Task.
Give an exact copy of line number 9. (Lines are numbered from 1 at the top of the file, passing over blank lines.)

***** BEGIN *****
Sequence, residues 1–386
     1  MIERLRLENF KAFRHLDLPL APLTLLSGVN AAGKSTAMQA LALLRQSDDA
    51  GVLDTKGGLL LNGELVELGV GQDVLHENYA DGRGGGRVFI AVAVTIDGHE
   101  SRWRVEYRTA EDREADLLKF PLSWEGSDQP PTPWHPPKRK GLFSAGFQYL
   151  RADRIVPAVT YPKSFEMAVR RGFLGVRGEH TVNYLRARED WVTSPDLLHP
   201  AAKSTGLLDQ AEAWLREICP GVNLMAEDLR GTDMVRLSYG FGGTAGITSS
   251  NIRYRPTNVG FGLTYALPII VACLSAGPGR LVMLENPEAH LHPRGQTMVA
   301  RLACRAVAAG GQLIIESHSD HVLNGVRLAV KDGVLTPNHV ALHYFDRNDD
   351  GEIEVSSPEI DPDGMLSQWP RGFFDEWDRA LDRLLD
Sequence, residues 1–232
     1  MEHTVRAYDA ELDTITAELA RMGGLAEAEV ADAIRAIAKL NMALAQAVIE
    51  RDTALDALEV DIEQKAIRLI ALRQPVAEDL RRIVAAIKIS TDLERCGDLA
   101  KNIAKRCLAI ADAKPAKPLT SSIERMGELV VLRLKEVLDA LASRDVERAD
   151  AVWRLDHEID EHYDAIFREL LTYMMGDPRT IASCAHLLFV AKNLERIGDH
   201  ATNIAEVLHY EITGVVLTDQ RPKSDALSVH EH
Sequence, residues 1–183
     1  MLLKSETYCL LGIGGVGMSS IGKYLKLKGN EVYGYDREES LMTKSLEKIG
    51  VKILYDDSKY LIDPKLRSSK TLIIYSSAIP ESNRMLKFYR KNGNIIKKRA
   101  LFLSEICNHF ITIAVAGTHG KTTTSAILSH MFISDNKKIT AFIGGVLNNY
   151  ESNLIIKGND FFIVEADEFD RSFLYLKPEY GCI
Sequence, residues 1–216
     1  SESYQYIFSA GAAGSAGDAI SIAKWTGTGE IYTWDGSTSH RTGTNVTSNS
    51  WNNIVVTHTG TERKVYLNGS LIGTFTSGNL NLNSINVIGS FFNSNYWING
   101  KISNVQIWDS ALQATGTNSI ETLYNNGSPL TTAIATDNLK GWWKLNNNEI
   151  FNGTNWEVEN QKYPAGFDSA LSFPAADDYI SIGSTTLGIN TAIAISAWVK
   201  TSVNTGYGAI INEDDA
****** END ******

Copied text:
   351  GEIEVSSPEI DPDGMLSQWP RGFFDEWDRA LDRLLD